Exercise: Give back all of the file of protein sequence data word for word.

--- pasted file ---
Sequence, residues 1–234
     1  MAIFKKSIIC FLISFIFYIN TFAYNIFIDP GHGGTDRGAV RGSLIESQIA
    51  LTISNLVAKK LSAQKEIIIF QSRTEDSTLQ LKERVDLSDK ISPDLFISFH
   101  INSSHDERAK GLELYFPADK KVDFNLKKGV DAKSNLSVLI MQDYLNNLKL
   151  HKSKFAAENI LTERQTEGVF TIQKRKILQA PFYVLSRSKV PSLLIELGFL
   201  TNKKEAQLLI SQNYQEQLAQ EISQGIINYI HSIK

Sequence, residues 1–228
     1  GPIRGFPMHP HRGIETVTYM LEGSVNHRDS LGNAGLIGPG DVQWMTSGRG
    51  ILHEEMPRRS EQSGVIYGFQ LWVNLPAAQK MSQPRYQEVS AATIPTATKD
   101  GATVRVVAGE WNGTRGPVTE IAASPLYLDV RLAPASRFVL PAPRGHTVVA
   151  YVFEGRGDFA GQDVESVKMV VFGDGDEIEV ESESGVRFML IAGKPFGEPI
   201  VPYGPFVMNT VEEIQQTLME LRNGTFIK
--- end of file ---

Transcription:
Sequence, residues 1–234
     1  MAIFKKSIIC FLISFIFYIN TFAYNIFIDP GHGGTDRGAV RGSLIESQIA
    51  LTISNLVAKK LSAQKEIIIF QSRTEDSTLQ LKERVDLSDK ISPDLFISFH
   101  INSSHDERAK GLELYFPADK KVDFNLKKGV DAKSNLSVLI MQDYLNNLKL
   151  HKSKFAAENI LTERQTEGVF TIQKRKILQA PFYVLSRSKV PSLLIELGFL
   201  TNKKEAQLLI SQNYQEQLAQ EISQGIINYI HSIK

Sequence, residues 1–228
     1  GPIRGFPMHP HRGIETVTYM LEGSVNHRDS LGNAGLIGPG DVQWMTSGRG
    51  ILHEEMPRRS EQSGVIYGFQ LWVNLPAAQK MSQPRYQEVS AATIPTATKD
   101  GATVRVVAGE WNGTRGPVTE IAASPLYLDV RLAPASRFVL PAPRGHTVVA
   151  YVFEGRGDFA GQDVESVKMV VFGDGDEIEV ESESGVRFML IAGKPFGEPI
   201  VPYGPFVMNT VEEIQQTLME LRNGTFIK